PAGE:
Brexit 50p finally pictured after a million coins with wrong date melted down

Last Updated: January 26, 2020By Tags: , , , , , , ,

No – the image above isn’t the new Brexit 50p – nor even the version that had to be melted down.

But This Writer couldn’t resist using the image, which is more appropriate to the UK’s fate than the Tory government’s preferred version, which simply shows the words, “Peace, prosperity and friendship with all nations” and the date: 31 January 2020.

My understanding is that the only part of those words that may be accurate is the date – which is ironic because a million copies of the original coin were consigned to the flames because they had the wrong date.

The coin is, naturally, proving popular with Brexit supporters – with 13,000 expressions of interest in a commemorative version.

I would suggest that it is also a good investment for lovers of irony.

Source: Brexit 50p finally pictured after a million coins with wrong date melted down – Mirror Online

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  1. trev January 26, 2020 at 7:36 pm - Reply

    I had assumed that we might go back to Ten Bob notes after Brexit, and the old Pounds, Shillings and Pence, ha’pennies & farthings, along with a return to Imperial weights & measures. If they are determined to turn back time then no point doing it in half measures (not 0.5 measures).

  2. Growing Flame January 26, 2020 at 7:55 pm - Reply

    Gobsmacking! “Peace, prosperity and friendship with all Nations”!!!!

    Yet we got here due to:—-

    * fetishising war fare , especially the two World Wars but also previous wars against France etc. Turning them into exercises in joy and pride.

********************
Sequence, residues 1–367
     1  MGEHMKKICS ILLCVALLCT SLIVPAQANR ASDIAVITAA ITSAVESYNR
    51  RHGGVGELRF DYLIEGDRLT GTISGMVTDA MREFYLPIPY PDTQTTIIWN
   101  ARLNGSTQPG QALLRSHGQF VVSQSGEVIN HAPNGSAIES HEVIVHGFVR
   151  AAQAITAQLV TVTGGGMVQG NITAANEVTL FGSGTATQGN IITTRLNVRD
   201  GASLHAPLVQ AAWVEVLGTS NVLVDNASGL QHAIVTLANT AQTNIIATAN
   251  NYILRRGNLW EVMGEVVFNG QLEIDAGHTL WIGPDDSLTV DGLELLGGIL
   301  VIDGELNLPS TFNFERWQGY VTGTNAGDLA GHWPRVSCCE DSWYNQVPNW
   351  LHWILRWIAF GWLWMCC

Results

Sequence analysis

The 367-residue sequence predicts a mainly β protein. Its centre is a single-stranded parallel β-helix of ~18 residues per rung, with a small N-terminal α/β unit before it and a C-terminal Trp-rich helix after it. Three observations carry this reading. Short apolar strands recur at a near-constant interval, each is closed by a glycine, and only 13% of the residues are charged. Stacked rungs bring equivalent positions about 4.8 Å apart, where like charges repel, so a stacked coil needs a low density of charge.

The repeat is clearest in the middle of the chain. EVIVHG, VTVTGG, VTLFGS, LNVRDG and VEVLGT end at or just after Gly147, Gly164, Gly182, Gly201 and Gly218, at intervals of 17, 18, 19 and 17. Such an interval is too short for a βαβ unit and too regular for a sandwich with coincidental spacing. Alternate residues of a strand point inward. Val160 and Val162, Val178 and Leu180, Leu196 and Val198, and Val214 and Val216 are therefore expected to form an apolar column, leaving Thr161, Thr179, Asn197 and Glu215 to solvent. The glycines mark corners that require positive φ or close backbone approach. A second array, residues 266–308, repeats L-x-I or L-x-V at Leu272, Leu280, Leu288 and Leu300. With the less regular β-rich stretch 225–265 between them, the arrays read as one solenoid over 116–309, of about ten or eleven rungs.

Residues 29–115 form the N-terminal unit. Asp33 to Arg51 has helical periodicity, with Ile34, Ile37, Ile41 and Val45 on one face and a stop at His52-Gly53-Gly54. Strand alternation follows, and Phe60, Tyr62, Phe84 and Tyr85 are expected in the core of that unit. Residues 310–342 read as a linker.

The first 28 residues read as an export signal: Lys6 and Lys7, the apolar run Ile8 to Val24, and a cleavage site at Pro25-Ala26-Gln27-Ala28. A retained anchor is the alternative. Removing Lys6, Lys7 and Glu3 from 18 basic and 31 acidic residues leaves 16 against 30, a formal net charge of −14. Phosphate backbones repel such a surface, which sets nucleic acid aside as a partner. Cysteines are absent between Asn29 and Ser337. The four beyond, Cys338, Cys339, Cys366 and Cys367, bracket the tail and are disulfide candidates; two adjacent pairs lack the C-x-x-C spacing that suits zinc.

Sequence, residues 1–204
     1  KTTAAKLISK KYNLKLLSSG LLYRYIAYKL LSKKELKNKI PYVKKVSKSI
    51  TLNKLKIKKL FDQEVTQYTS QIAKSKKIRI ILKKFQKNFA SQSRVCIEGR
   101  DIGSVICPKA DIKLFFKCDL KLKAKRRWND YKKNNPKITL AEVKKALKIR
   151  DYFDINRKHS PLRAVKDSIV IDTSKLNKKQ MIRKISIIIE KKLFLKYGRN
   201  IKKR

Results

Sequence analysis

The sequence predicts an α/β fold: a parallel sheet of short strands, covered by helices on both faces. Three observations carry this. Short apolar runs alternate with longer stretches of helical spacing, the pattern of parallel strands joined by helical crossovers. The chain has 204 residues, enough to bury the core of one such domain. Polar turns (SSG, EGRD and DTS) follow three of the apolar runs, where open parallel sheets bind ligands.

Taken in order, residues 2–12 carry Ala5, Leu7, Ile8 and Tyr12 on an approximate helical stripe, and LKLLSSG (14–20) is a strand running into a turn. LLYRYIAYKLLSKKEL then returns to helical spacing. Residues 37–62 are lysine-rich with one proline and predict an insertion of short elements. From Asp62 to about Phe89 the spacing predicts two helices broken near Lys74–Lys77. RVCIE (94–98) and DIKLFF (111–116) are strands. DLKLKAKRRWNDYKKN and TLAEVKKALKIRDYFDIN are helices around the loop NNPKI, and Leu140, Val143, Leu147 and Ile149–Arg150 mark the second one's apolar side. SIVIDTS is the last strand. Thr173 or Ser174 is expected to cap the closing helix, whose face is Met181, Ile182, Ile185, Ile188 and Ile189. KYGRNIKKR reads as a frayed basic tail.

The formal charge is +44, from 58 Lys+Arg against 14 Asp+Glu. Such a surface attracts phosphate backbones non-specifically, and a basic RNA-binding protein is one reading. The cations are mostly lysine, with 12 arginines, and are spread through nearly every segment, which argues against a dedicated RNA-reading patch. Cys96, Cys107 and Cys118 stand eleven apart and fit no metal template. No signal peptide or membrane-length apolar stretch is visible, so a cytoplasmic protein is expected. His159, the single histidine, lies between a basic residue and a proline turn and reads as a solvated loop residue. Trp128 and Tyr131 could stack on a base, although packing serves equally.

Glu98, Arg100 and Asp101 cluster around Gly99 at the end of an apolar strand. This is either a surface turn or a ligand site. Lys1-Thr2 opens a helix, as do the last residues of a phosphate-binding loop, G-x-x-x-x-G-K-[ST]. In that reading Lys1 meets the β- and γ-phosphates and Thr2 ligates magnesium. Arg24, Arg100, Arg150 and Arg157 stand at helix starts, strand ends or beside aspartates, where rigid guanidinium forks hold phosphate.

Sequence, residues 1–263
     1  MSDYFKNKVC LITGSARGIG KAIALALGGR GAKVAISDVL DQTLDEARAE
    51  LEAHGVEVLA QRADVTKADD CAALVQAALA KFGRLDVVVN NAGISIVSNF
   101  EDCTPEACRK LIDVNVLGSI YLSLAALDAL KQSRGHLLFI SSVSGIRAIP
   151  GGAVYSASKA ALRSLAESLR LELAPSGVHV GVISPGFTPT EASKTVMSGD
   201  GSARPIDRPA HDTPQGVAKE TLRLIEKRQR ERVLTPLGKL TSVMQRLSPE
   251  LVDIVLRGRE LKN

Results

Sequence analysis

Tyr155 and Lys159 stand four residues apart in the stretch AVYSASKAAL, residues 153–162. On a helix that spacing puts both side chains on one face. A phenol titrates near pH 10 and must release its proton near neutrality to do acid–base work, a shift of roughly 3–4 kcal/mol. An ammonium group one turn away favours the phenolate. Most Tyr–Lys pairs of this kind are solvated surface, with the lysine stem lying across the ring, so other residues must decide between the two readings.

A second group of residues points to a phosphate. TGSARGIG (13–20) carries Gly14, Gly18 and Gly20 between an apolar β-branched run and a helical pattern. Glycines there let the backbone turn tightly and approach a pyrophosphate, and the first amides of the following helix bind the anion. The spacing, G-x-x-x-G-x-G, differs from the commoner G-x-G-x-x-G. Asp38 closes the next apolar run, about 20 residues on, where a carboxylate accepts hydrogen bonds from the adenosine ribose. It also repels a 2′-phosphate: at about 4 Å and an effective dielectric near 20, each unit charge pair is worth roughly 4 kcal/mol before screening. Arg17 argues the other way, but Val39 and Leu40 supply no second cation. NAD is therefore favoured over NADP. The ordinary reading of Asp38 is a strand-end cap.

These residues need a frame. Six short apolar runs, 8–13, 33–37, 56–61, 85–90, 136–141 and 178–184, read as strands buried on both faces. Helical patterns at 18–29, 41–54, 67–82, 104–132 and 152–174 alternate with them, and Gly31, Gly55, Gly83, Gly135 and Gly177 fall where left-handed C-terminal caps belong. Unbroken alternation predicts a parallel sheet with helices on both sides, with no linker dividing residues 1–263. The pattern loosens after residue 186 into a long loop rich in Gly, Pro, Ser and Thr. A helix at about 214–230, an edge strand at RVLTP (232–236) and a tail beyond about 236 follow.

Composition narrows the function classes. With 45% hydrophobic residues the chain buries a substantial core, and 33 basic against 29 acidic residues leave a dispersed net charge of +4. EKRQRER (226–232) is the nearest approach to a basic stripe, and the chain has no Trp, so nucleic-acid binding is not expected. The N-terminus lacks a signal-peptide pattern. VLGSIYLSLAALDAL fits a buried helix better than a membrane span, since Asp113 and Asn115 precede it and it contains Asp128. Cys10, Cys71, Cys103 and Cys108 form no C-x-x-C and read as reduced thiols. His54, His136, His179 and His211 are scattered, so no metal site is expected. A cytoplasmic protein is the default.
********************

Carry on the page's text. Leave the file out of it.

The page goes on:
* falling prosperity for millions resulting in the rise of English nationalism. And the prospect of worse to come
    * hostility to all nations. Trade and economics is seen as another kind of warfare against other nations. We are expected to believe that other countries will cringe before our economic might and brilliant arguments.

    Johnson quite cheerfully rabbits on about “our European friends” knowing perfectly well that, if many Britons genuinely regarded other Europeans as friends, they would not have voted for Brexit.

    I genuinely wonder how xenophobic Brexit-voters react to all this talk of “peace and friendship” when they voted for hostility and conflict.
    And how they will react to any “Deal” with the EU that might include compromise over fishing rights, or less than a total ban on immigration, or realising that so much of the British economy is still owned by firms based elsewhere in Europe.

  3. Thomas January 27, 2020 at 8:08 am - Reply

    Given the likely purchasing power of the coins post Brexit I thought that the new 50p would be a twelve sided coin.

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